By Ben Sillitoe

Every year, department store chain John Lewis publishes its How We Shop, Live and Look report, detailing trends based on annual sales activity and consumer behaviour.

Among the noteworthy points from the 2021 version was how online shopping became a much bigger part of people’s lives, while – more specifically – searches and sales for aviator sunglasses and flare jeans rose due to the popularity of TV series, The Serpent.

John Lewis said between May and August sales of waistcoats rose by 114% as Line of Duty fever swept the UK, and The Friends Reunion in the summer apparently created a wave of 90s nostalgia. Home and garden ranges performed well in 2021, it said, which is in line with general industry statistics generated by IMRG’s research.

Neck tie sales were down 75% in 2021 and, despite their brief comeback in 2018, thongs were off the menu as consumers opted for more comfortable and practical underwear this year. All these findings fit neatly with the more home-based, virtual communication-led world we’ve evolved into during the pandemic.

The report is always a good read, and inevitably it gets one thinking about how society will move on a year from now.

John Lewis predicts more circular thinking from consumers in the coming 12 months, as concern for the environment intensifies. It also hints at the rise of the metaverse, or more specifically, online places where friends and family can hang out.

And from a product perspective, a greater interest in nostalgia tech is on the cards, as people continue to seek comfort in recognisable things during these uncertain times.

Adding to the future gazing mood, the IMRG community has suggested plenty of other things retailers might want to focus on in 2022.

Growth of eCommerce, but in a more relevant manner

Alex Naughton, head of buy now, pay later solutions provider Klarna’s UK & Ireland operation, suggests the pandemic has “fed our eCommerce habit” but urges retailers to think about the grow of digital commerce alongside store experience development.

“With today’s shoppers using multiple channels to search and spend, consumers want a fully integrated experience both online and in store – and that means in 2022, we’re likely to see many retailers continuing to invest in their omnichannel strategies,” he says.

“But many shoppers don’t see brands’ online and in-store operations as joined up enough. And, unless retailers take time to understand their customers’ expectations, this potentially damaging disconnect – between what shoppers want from their shopping experience and what retailers think shoppers want – could see brands lose loyal customers turned off by a shopping experience that’s not fit for the 21st century.”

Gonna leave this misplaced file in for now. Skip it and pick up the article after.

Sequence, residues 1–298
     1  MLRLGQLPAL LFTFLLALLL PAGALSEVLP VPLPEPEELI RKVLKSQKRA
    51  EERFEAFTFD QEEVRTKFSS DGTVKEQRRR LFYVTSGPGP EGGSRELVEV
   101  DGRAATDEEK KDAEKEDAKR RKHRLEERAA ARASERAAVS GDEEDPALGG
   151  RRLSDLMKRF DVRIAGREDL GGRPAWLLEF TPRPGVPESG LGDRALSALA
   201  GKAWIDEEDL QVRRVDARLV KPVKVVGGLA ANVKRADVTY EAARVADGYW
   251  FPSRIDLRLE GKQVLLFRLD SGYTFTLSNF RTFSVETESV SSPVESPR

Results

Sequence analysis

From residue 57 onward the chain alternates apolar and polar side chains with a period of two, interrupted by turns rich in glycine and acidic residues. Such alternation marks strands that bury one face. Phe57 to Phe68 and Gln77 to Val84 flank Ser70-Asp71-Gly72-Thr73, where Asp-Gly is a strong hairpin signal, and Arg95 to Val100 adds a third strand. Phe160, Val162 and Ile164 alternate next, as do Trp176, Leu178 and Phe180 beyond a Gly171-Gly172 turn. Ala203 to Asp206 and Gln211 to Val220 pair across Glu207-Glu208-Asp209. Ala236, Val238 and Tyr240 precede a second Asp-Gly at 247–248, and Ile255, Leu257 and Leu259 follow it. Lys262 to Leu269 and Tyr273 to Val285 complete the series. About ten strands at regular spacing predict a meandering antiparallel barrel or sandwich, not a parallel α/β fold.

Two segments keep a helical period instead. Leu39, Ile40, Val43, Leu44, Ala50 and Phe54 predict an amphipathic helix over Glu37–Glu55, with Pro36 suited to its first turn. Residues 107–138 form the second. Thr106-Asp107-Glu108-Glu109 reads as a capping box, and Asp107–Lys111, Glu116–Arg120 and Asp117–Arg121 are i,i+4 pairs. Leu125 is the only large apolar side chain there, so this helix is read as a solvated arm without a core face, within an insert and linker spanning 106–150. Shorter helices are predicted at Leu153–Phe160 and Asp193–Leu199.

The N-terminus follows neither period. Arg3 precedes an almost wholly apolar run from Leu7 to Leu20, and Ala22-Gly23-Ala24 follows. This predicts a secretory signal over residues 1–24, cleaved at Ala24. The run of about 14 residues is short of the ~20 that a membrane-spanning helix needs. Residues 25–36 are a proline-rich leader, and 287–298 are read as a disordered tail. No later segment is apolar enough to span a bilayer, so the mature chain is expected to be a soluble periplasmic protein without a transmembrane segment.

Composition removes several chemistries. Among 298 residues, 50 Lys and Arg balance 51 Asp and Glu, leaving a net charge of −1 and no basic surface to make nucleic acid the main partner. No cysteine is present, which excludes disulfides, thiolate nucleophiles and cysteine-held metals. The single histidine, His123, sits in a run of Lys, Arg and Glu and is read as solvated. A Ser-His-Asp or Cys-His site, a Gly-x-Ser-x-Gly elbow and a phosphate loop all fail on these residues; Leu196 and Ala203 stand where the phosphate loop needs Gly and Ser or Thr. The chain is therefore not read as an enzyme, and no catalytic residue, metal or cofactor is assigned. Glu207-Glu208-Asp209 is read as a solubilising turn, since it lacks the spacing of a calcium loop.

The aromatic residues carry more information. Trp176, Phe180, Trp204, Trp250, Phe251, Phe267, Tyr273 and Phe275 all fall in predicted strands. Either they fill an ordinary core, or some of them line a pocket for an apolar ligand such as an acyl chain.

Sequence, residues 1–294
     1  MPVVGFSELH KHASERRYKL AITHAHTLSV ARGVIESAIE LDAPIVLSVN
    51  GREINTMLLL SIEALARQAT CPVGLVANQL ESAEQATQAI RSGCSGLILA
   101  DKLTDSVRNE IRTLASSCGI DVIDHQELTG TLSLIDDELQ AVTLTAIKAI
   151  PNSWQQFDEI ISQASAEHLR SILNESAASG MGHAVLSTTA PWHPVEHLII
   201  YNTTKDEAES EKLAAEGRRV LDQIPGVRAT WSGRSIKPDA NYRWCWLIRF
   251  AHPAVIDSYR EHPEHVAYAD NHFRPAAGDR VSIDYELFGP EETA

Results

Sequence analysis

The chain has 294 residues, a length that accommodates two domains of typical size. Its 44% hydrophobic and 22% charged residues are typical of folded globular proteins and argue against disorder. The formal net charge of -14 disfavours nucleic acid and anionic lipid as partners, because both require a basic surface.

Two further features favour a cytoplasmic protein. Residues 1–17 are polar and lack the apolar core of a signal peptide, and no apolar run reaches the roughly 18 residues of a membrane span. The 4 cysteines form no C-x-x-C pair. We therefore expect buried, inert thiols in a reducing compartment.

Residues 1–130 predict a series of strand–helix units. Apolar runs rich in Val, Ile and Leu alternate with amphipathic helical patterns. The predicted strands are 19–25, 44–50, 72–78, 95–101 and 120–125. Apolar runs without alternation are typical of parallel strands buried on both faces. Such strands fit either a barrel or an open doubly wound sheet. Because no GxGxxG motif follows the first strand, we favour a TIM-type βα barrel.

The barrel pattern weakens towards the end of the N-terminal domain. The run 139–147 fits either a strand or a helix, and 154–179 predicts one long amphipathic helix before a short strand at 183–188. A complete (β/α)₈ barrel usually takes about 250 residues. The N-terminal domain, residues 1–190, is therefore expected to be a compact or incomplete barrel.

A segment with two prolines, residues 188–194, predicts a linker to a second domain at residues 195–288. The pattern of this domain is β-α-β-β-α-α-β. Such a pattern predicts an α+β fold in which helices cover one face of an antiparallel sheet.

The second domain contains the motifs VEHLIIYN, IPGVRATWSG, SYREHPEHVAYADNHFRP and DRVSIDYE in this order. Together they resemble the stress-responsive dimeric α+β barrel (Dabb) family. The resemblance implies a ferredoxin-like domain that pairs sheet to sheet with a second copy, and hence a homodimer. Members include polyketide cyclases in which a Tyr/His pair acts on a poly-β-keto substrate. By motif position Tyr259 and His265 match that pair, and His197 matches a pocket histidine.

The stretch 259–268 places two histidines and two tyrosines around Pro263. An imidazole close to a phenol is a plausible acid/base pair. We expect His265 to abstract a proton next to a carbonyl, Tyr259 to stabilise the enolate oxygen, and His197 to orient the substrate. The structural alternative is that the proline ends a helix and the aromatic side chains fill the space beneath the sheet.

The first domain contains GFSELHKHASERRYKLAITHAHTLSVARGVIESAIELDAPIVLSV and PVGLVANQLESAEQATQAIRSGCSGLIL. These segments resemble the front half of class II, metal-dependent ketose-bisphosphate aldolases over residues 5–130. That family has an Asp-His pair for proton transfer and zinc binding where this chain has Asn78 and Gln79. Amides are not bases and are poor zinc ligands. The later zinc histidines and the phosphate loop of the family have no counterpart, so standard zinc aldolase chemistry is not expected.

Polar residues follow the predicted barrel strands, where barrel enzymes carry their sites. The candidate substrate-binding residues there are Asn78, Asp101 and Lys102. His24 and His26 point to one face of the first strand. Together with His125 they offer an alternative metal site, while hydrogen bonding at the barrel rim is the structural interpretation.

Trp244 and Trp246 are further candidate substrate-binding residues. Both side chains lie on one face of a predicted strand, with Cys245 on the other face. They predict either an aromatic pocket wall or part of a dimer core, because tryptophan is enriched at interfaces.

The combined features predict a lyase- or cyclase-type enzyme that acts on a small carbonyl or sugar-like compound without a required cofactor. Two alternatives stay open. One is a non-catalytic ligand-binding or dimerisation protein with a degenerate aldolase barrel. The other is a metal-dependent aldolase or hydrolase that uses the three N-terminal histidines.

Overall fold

Ben Foulkes, senior business development director at Epsilon, which helps marketers anticipate, activate and prove measurable business outcomes, says retailers and brands need to get planning now for online advertising infrastructure changes on the way.

“One overriding theme is that brands need to understand and market to their customers as individuals as well as place a premium on the value exchange taking place for their customer’s data,” he states.

“With changes around privacy being commercialised by Apple and Google and the eventual, but slow, death of third-party cookies, the importance of understanding the value of first-party data, zero-party data and true digital identity are coming to the fore. Retailers must get this right now to ensure in the future they are still able to engage with their customers in a way that is personalised, relevant, timely and specific to them.” 

Mobile devices emitting data in a crowd of people.

Russell Loarridge, director at ReachFive, a customer identity and access management platform provider, agrees retailers need to do something about improving personalisation in the year ahead.

“Many retailers have only just started to ask the basic kinds of direct questions online to customers that you’d expect any high street assistant to say on day-one during their in-store training,” he explains.

“2022 will be the year that retailers are forced to wake up to really knowing who their customers are by asking them personalised questions which encourage insightful meaningful responses, instead of guessing what is in the brains of the shoppers browsing around their virtual shops.”

Ben Kaye, eCommerce and order management system (OMS) expert at Mintsoft, which provides warehouse and OMS technology for retailers, hints at the need for a change in pace of retailer investment to meet shopper demand and expectations online.

“As the online shopping boom continues, consumers are looking for seamless experiences – this includes the ease of finding the product they are looking for, easy payment options at checkout and a choice of delivery options – [for example,] speed, cost, sustainable,” he notes.

“Whilst there are no doubts that there is technology out there to make aspects of picking, packing and shipping an order to the end customer a lot easier, many online retailers are slow to make digital investments.”

Maintenance and development in the online space

We covered in a previous blog the next steps pandemic eCommerce start-ups need to consider as they build out their propositions and grow commercially. But retailers of all shapes, sizes and history need to consider the benefits of continuous development.

Garrett Schwegler, programme manager for digital commerce at search and data company Lucidworks, predicts 2022 “will be a year of maintenance and integration”.